This study aims to analyze the effect of food security (FS), Islamic financing in the agricultural sector (ASF), Islamic non-performing financing (NPF), and the exchange rate (ER) on economic growth (GDP) in Indonesia. The Autoregressive Distributed Lag method is used in this study. The research data uses quarterly data from 2014Q1 to 2020Q4. The results showed that in the long run, food security had a significant positive effect on economic growth, while non-performing financing had a significant negative effect on economic growth. While the financing of the agricultural sector has no significant effect. Subsequent findings in the short term explain that the financing of the agricultural sector has a significant positive effect and the exchange rate has a significant negative effect. Food security, non-performing financing, and agricultural sector financing have no significant effect. The results of the Toda-Yamamoto Granger non causality test show that all explanatory variables have a direct two-way relationship with economic growth, except for financing in the agricultural sector. Non-performing financing and financing for the agricultural sector have a relationship with food security. Based on these findings, the government needs to improve food security, labor productivity in order to increase economic growth. In addition, the government needs to control indicators on Islamic banks, especially the problem of bad financing which must be reduced. In addition, the need for encouragement from Islamic banks to be able to channel more financing, especially the agricultural sector and provide relief so that there is a continuation in the long term. Finally, the government is expected to be able to maintain the stability of the rupiah exchange rate.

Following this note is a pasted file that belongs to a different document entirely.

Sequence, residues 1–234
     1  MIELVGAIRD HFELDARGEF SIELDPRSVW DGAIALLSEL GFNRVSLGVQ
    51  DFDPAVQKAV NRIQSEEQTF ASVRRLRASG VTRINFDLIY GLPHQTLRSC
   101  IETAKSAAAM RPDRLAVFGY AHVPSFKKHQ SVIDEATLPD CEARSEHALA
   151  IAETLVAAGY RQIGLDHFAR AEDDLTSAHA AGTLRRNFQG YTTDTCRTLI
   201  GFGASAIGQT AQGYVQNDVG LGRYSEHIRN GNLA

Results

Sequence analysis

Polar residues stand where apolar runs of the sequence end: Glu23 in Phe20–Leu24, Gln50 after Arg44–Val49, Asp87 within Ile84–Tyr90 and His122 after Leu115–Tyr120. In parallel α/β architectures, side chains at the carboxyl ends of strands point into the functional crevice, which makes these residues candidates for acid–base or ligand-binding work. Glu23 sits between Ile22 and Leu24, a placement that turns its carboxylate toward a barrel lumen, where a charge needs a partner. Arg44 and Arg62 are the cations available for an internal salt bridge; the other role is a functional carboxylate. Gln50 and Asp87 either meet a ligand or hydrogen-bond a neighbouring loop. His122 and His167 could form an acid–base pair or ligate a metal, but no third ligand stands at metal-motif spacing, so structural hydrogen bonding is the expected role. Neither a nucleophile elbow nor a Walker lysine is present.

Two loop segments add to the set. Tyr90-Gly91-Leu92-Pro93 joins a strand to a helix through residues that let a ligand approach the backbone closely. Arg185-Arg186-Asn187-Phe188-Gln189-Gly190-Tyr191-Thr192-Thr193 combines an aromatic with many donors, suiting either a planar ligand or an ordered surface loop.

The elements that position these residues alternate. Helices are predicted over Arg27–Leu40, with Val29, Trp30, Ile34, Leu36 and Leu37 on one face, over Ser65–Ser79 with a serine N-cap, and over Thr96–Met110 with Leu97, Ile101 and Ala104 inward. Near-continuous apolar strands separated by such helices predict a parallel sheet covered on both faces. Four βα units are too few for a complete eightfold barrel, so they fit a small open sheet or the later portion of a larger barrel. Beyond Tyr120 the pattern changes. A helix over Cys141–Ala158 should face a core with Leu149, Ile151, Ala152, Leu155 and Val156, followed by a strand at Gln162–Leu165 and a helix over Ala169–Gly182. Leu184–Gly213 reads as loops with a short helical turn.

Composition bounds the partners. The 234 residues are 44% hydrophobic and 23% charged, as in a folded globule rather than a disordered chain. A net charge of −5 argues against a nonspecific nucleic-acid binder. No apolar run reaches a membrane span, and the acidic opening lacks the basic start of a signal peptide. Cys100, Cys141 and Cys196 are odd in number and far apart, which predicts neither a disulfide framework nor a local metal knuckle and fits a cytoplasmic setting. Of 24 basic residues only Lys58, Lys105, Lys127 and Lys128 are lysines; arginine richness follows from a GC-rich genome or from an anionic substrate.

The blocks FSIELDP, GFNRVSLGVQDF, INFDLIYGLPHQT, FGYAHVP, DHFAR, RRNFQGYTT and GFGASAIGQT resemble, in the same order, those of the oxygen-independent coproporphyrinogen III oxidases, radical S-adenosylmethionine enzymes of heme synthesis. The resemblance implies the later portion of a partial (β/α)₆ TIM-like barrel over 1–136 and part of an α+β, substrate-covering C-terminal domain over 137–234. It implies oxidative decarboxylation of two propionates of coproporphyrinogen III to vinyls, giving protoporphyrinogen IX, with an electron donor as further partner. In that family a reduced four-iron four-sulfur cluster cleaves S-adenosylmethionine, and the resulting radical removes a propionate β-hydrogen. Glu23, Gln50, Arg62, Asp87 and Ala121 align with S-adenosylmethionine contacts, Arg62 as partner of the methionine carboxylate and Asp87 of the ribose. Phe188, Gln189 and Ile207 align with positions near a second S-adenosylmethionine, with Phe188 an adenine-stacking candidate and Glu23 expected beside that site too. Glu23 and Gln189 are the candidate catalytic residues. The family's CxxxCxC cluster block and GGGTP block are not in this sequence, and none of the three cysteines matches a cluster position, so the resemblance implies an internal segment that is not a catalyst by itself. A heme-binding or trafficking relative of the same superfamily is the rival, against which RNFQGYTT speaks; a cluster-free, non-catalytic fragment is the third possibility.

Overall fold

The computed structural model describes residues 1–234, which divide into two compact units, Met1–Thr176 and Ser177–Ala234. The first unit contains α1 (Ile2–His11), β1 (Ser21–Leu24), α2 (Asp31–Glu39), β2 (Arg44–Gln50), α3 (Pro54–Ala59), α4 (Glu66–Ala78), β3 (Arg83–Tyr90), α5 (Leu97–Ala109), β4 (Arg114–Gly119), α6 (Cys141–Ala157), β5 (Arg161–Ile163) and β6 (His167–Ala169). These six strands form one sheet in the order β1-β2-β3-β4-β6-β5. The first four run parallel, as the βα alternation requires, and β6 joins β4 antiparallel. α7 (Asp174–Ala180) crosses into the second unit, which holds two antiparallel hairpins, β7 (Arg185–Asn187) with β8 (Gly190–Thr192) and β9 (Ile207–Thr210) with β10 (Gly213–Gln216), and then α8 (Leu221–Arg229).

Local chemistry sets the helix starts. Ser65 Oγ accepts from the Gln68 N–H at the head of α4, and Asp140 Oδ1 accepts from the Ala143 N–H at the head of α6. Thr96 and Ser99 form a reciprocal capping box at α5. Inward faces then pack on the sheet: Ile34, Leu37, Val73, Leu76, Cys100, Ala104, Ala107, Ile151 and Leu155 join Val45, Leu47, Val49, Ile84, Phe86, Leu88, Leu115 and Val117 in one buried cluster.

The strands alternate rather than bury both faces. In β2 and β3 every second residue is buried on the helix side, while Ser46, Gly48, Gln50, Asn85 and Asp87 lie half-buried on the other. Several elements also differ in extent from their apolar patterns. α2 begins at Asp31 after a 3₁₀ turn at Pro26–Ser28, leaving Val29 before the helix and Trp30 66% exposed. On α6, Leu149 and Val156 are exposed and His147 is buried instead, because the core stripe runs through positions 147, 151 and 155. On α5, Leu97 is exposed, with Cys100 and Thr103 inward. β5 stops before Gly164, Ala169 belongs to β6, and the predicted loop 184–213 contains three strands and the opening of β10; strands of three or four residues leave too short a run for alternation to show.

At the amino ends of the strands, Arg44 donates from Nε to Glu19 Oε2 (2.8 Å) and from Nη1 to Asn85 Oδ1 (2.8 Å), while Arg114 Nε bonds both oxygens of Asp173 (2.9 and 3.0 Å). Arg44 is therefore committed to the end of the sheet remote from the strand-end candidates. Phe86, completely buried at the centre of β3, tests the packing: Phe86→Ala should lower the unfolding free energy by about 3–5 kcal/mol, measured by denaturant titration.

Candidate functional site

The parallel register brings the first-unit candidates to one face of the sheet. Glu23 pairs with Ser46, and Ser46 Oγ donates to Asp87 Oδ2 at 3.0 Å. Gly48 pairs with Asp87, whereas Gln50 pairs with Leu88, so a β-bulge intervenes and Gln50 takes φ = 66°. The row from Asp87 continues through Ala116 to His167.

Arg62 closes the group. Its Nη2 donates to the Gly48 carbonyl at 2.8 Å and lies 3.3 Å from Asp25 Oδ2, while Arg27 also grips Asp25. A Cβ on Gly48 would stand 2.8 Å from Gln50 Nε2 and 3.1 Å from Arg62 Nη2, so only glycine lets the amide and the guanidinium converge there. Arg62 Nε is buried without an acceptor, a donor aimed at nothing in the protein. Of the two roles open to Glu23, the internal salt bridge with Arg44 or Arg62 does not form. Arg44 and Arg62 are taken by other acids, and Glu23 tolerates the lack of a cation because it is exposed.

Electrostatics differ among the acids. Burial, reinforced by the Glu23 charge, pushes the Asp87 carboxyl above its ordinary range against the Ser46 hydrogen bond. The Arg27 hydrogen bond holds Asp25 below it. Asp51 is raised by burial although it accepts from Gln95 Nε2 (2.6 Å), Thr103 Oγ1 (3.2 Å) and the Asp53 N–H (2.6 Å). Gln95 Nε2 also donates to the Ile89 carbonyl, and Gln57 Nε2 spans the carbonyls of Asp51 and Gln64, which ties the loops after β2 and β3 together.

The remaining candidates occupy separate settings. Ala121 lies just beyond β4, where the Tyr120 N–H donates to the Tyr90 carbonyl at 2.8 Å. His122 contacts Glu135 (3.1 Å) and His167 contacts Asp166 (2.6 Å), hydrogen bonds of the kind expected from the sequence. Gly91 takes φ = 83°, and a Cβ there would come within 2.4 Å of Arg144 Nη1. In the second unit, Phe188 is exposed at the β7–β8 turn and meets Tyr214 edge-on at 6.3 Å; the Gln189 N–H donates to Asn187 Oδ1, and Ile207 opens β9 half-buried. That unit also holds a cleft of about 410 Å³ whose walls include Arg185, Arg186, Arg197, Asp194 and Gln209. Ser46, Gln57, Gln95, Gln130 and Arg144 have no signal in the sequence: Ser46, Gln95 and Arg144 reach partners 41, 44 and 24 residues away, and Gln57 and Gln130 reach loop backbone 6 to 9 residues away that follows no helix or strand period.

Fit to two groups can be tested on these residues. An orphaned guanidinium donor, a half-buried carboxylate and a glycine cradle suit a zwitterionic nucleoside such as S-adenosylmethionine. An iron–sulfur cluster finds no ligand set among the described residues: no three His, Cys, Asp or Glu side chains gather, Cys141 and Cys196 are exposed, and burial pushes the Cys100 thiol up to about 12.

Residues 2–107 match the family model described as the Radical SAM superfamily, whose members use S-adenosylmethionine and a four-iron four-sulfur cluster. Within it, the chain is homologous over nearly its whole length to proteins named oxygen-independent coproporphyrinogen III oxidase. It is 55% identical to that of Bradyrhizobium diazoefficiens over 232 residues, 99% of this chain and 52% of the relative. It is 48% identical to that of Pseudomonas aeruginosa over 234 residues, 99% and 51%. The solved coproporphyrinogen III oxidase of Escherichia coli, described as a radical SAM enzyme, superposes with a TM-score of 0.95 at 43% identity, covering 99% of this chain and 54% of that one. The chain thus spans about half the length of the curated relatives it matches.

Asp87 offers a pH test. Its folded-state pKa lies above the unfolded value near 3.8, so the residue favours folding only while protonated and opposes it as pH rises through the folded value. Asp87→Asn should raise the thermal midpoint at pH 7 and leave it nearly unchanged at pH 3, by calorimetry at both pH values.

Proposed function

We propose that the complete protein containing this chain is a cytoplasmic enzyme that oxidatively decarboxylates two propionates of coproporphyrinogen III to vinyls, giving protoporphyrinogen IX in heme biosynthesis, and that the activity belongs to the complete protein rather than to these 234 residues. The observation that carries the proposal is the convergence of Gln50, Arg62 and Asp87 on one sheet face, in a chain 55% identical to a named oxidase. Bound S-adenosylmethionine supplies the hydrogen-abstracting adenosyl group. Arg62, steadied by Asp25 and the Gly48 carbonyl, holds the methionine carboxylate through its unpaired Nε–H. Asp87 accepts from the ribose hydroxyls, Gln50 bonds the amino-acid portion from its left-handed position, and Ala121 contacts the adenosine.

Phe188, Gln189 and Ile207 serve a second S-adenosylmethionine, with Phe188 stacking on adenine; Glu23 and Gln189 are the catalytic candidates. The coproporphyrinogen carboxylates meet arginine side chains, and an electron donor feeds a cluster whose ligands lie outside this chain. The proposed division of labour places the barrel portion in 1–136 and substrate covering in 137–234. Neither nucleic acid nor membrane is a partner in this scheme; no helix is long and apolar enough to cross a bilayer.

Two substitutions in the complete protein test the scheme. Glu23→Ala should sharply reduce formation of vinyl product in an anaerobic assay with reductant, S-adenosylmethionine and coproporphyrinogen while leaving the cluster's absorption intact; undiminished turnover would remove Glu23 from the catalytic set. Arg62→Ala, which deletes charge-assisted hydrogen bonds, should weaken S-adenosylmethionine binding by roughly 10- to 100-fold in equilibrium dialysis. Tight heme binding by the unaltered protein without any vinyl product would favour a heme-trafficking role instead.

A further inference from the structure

Keywords: Economic growth, food security, Non-performing financing, sharia financing, exchange rates